Social exclusion is a term that has been used for many years in political rhetoric to represent the multidimensional processes which restrict groups or individuals from participating fully in society.
While it is a powerful concept, we have not been able to measure it consistently across health and social studies. Many studies have used one aspect (e.g. low income) as a proxy for social exclusion. On the other side of the spectrum, some have developed dedicated surveys to get detailed measures of social exclusion (e.g. Netherlands). However, while these specialised surveys can provide an in depth picture of social exclusion at one point in time, they are not as useful in understanding how social exclusion changes over time and how it relates to a range of factors like mental health outcomes.
Why did we do this resarch?
The goals of this project were to generate a measurement approach to social exclusion which captured the multidimensional nature of social exclusion using existing population health data, which could be replicated at multiple timepoints.
What did we do?
We first reviewed the existing literature around social exclusion to capture the range of what is included in social exclusion. We also consulted with people with lived experience to discuss their understanding of the important aspects of social exclusion. We narrowed the list to 5 main domains:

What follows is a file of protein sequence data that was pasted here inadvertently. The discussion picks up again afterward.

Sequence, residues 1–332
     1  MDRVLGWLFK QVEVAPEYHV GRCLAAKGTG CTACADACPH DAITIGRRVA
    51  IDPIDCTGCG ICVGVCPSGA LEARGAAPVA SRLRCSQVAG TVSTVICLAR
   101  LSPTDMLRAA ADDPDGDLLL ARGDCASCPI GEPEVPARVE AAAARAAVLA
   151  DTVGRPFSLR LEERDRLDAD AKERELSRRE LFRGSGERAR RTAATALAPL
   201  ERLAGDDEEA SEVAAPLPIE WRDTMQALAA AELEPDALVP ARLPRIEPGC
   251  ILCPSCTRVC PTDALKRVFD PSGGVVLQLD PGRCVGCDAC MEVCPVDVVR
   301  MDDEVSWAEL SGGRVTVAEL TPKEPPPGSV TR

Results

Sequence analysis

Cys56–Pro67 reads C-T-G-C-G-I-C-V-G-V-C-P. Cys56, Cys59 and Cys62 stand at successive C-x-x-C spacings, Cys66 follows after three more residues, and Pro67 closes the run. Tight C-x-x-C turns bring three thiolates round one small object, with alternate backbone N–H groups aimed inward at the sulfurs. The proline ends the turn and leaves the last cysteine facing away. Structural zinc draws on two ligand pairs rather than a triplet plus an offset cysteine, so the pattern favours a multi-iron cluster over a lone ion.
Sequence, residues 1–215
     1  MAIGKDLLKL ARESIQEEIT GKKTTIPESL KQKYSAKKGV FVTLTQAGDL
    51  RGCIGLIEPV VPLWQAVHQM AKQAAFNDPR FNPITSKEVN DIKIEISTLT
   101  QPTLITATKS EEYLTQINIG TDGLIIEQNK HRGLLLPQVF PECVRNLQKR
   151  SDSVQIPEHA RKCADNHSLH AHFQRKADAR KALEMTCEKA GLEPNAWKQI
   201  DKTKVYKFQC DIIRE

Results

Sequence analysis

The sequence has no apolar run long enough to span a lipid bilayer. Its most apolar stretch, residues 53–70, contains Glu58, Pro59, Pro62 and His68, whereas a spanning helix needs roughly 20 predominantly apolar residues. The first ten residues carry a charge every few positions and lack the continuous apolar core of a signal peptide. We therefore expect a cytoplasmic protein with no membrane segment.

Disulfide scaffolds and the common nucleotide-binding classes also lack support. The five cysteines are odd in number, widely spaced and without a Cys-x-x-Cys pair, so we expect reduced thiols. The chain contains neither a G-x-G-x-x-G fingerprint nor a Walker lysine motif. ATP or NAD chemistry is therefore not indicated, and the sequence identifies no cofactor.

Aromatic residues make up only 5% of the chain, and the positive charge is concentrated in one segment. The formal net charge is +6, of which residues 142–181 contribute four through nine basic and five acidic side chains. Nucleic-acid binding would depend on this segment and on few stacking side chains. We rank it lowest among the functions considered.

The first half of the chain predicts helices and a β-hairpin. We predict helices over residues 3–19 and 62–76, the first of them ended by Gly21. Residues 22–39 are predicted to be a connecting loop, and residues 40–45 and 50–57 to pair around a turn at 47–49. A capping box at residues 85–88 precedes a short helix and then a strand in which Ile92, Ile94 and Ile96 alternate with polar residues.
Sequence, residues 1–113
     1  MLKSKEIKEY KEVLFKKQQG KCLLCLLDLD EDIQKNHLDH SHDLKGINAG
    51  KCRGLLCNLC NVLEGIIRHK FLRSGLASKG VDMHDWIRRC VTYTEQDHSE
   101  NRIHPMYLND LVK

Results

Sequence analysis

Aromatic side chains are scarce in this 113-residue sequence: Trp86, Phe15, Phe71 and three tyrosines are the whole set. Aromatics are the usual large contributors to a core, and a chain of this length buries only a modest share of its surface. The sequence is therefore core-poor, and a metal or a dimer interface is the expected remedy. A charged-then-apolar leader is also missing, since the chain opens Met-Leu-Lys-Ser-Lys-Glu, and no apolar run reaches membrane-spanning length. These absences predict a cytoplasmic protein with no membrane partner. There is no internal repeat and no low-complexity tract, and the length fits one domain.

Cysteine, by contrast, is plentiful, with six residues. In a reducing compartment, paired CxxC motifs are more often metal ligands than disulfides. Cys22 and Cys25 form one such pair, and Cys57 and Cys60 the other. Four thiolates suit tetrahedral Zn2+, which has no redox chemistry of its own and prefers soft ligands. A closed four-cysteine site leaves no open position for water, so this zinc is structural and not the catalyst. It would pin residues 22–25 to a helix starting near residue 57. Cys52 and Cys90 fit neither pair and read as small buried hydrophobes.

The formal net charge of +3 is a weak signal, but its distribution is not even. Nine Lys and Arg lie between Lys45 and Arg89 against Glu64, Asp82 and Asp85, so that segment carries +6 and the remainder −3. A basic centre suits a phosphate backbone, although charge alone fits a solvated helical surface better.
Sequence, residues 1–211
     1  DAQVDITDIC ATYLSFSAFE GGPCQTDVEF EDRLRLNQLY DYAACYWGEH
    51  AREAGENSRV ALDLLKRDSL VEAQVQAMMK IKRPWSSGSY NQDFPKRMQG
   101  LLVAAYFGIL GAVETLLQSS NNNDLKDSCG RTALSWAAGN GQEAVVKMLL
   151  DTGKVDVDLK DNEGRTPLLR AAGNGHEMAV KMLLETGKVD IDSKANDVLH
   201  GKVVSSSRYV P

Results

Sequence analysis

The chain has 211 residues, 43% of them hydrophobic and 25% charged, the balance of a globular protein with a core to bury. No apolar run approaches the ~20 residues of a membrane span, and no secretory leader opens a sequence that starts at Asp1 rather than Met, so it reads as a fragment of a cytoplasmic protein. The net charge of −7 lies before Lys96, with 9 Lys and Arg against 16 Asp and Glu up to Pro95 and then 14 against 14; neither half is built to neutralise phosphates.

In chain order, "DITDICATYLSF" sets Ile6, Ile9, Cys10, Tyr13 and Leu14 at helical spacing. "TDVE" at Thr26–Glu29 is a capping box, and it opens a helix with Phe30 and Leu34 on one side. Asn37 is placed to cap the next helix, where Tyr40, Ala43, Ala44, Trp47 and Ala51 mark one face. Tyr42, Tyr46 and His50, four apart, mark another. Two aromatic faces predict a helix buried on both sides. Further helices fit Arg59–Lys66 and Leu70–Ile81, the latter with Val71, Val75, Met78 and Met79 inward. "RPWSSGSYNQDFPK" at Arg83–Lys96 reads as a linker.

Five domains of social exclusion + Material exclusion (e.g. poverty, housing insecurity, unemployment) + Relational exclusion (e.g. low social support) + Political exclusion (e.g. disengagement from civic and political processes) + Digital exclusion (e.g. lacking technology or skills to access digital resources) + Structural exclusion (e.g. unequal distribution of power due to discrimination or unjust policies)
With these domains, we then used Wave 1 (2009/2010) of Understanding Society to find questions (measures) in the survey that related to each of these domains. We then conducted Principal Component Analysis within each domain to identify the main “components” of each of these domains.
For example, we identified 11 different measures of material exclusion in the survey. These were “grouped” into “components.” For example, income satisfaction, subjective financial status, and ability to pay bills, and ability to buy material goods were all grouped into one component of “income.”
We repeated this process in a second wave of the survey (Wave 10 - 2018/2019).
We then looked at how different groups scored for social exclusion and the domains in both waves of the survey.
What did we find?
We found that the levels of social exclusion varied by age group, region, and ethnicity. Interestingly we found that these patterns differed across domains.
What does this mean?
This research demonstrates that it is possible to use existing population studies to generate good estimates of social exclusion. Further, our findings that there were important differences across domains suggests that attention should be paid to these separate domains, particularly when designing interventions with reduce the levels of social exclusion in the population.